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Seniors' meal delivery bus in North Van targeted by 'cat' burglars

A North Vancouver community program that delivers between 300 and 400 meals to seniors is the latest to be hit by thieves on the North Shore. Buses for two other seniors programs have also been targeted.
Turkey dinners for seniors
Silver Harbour driver John McCann and assistant cook Don Do load 100 turkey dinners for delivery to seniors in need in December 2020. The bus was recently vandalized by catalytic converter thieves. | Margaret Coates

A North Vancouver community program that delivers between 300 and 400 meals to vulnerable seniors is the latest to be hit by “cat” burglars on the North Shore.

The driver for Silver Harbour Centre’s meal delivery program got an unwelcome surprise when he climbed in to start up the seniors centre’s 20-passenger van parked next to the Centennial Theatre Monday morning (Feb. 14).

“It just made this incredibly loud, roaring rumble,” said Annwen Loverin, executive director of the centre. Some investigation under the bus quickly revealed “the catalytic converter had been sliced out and taken away,” said Loverin.

Costs of repair could be in the range of $3,000, which the seniors program is hoping will be mostly covered by insurance.

Police officers who attended didn’t give them a lot of hope that a suspect will be identified, she added.

Loverin said the theft is particularly disappointing for the meal program, which has pivoted during the pandemic from providing meals at the seniors centre to delivering them and offering them for pickup. Food has always been an important part of the programming at Silver Harbour, she said.

Currently the meal program offers deliveries of $10 meals three days a week and pickup of meals five days a week for seniors who may have trouble cooking for themselves or getting out for groceries.

Harry Mayor of North Vancouver is one of the seniors who count on the service. “It’s much better food than I can cook,” he said, adding one of the meals is usually enough to last him two days. “It serves a purpose. Quite a few people get it.”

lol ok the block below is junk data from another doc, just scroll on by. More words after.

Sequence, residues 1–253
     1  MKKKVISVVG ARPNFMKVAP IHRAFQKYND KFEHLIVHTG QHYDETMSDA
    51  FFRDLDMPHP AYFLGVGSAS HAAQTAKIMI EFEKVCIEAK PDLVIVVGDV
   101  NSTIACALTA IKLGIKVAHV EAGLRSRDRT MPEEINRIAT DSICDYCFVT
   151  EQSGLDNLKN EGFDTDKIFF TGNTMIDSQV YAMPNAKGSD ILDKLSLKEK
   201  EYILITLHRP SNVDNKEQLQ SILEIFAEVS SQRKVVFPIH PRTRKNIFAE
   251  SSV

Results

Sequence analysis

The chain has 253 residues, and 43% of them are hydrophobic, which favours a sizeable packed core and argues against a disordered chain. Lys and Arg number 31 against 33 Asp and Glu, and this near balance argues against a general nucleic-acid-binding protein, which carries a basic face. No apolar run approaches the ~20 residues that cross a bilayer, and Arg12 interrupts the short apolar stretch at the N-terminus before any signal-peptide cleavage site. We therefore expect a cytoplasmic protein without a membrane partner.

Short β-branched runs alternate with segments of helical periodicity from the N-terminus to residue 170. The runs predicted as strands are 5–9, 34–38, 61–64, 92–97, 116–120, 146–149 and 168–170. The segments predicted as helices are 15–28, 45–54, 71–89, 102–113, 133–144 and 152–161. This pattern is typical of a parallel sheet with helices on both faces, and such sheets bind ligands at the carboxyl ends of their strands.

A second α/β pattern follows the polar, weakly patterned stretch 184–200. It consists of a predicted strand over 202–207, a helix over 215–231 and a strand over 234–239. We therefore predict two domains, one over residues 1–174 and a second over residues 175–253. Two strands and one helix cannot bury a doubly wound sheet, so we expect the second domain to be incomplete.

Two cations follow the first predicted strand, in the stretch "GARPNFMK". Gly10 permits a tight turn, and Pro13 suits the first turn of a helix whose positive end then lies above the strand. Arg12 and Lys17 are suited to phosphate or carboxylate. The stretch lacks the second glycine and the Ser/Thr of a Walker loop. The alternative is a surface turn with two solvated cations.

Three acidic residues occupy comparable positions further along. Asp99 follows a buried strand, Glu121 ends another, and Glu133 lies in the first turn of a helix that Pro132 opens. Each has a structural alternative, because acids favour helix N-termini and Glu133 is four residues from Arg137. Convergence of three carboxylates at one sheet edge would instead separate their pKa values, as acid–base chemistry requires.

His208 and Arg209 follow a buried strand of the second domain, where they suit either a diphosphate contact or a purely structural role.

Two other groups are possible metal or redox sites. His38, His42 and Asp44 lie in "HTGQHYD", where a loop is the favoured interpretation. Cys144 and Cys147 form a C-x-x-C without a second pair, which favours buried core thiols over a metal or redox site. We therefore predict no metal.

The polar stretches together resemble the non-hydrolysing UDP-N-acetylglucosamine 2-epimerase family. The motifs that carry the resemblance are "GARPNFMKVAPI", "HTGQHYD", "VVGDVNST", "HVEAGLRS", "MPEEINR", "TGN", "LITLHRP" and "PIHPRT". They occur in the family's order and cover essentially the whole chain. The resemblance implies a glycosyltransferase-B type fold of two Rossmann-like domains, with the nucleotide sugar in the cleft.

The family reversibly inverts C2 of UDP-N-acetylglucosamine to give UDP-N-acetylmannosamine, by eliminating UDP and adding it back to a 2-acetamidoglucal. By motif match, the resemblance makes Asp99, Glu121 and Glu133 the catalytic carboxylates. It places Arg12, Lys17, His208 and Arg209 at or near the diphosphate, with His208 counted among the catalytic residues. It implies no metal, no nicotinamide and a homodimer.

While the centre waits up to two weeks for the bus to be repaired, they’ve been able to pay for extra insurance in order to use a staff vehicle to deliver the meals on a temporary basis, said Loverin.

Seniors who rely on the service are grateful that they’ll continue getting meals, she said. But she added, “Some of them feel quite frustrated and angry that we would suffer in this fashion.”

Unfortunately, it’s not the first time such buses have been targeted by catalytic converter thieves on the North Shore.

In August of 2021, two catalytic converters were stolen from two buses used by the West Vancouver Seniors Centre. One of those buses was an older model, which meant a few weeks' wait to get a replacement part, said Jill Lawlor, manager of seniors’ services for the  District of West Vancouver. That resulted in some cancelled trips for seniors, she added.

Then on Sept. 1 last year, another seniors bus – this time operated by Capilano Community Services – had its catalytic converter cut off while it sat in the parking lot of the old Delbrook Community Centre. "We discovered it the next morning when our driver was preparing to take the bus out for one of our seniors programs," said Stephanie Aldridge, executive director of the organization.

That meant getting the bus towed and repaired, she said, adding it's difficult to find secure parking for buses at a reasonable rate.

In May 2021, two school buses parked at Collingwood School’s Morven campus also had their catalytic converters stolen.

A significant number of vehicle owners in both North and West Vancouver have reported thieves cutting and stealing their catalytic converters in the past two years.

Const. Kevin Goodmurphy of the West Vancouver Police said there were 31 catalytic converter thefts reported in West Vancouver alone in 2021.

The problem is one encountered all over the Lower Mainland.

In 2020, ICBC had 2,154 reports of “cat theft,” costing the insurer more than $2 million in claims.

Catalytic converters are part of a vehicle’s exhaust system used to mitigate harmful pollutants that the engine emits. But they contain precious metals that some scrap metal dealers will pay money for.

Owners normally discover their catalytic converter has been stolen when they start the vehicle and find the engine is unusually loud.